three very broad themes of ‘God loves us’, ‘Jesus is our friend’ and ‘we look like God’. There are up to three activities presented during our worship service. We have appropriately-sized tables, no chairs, a sand tray for Old Testament stories and a water bath. There is also a table with a sheet over it and this has become our ‘story cave’ retreat area for times when the toddlers get a bit raucous, and they do. I feel blessed to be part of a worshipping community who demonstrates patience and strives to make sure our youngest members feel welcome and included. It doesn’t always work but we are beginning to recognise the ministry that their presence brings Sunday by Sunday. The joy we collectively feel when the nativity is noticed by one of the Toddler Church members for the first time, the children’s work now displayed on the walls or decorating our Christmas tree, the happy noise made in response to a psalm or song or a reading. We have also been reminded of the gift of patience. We have not really thought of anything new but gleaned ideas from Messy Church, Godly Play and research that is leading our church back to valuing our commitment to all-age worship. We have just put these ideas together in a way that is becoming organic to who we are as the Clarence UC, Bellerive. We are looking forward to Easter when the word is ‘surprise’ – our surprise is that the tomb is empty. What better way is there to demonstrate that than smashing the largest hollow Easter egg I can find to celebrate Easter Day! Ann Perrin is minister of Clarence Uniting Church

The handbook has also been distributed at a number of children and families ministry conferences around Australia, including Generations in Victoria, Invigor8 in South Australia and Ignite in Queensland. The book’s distribution has been funded by a number of organisations, including the Centre for Theology and Ministry, the Lutheran Church, the Victorian Children’s Ministry Network, the Christian Playgroup Network, Stirling Theological College and St Leonard’s Uniting Church. “The Uniting Church has been great. They were the first ones to get on board,” Dr Mountain said. Synod intergenerational (children and families) coordinator Chris Barnett said he is excited to be involved in this ecumenical project. “The vision is to distribute it to as many people as possible involved in children and families ministry as a resource and a gift to thank them for their work,” he said. “We are also having conversations in regards to funding and distribution with other denominations and organisations.” The next phase of the project is to publish it as a free e-book along with an interactive website that can host additional resources. If you wish to receive a free copy of Building Emotional Health and Wellbeing: A Pastoral Handbook for Ministry with Children and their Families, contact Chris Barnett at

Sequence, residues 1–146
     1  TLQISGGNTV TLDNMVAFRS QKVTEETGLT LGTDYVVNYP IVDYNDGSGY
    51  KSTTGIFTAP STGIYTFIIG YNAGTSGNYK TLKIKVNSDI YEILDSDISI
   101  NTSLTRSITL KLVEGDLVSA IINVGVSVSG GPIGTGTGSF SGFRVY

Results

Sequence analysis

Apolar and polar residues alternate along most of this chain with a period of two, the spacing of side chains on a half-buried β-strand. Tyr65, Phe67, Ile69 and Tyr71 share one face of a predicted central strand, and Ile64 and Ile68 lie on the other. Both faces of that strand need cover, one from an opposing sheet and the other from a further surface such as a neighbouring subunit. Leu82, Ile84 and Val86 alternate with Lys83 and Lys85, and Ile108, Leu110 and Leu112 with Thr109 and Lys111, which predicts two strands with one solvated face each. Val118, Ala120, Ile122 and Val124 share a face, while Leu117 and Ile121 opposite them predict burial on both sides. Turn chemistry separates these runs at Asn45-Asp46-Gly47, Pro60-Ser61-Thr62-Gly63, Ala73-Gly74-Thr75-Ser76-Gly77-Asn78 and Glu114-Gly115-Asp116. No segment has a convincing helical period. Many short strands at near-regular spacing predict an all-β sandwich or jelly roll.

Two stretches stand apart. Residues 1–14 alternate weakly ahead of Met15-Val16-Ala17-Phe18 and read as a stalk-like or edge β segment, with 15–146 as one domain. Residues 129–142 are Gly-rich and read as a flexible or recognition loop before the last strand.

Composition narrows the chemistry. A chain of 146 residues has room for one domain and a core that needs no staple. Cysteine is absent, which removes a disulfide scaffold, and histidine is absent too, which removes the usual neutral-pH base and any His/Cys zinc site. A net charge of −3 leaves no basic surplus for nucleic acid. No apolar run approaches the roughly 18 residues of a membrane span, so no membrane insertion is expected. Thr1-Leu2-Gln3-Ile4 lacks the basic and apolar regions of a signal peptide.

Family Camp comes up trumps again THE Labour Day long weekend is traditionally a time for Uniting Church families to come together for the social justice family camp. More than 80 participants gathered at Pallotti College country retreat last month as young people aged from four to 21 enjoyed a weekend of worship, interactive games and marshmallows with their families. Cath James, one of the organisers, said there is always a strong sense of fellowship at the camp. “It’s great to just talk to other families in similar positions and support each other in trying to live in a faithful way that is conscious of the world we live in, and trying to be just and ethical in doing that,” Cath said. “My kids are like so many of the participants – they have friends at family camp they don’t have in a normal church context, so it’s a way of them feeling a sense of belonging in the church. “The kids really look forward to being and worshipping together.” The social justice family camp was initiated in 2011 by a group of Uniting Church parents. Many of them attended the youth ministry unit camps 20 years ago and wanted their children to experience the same sense of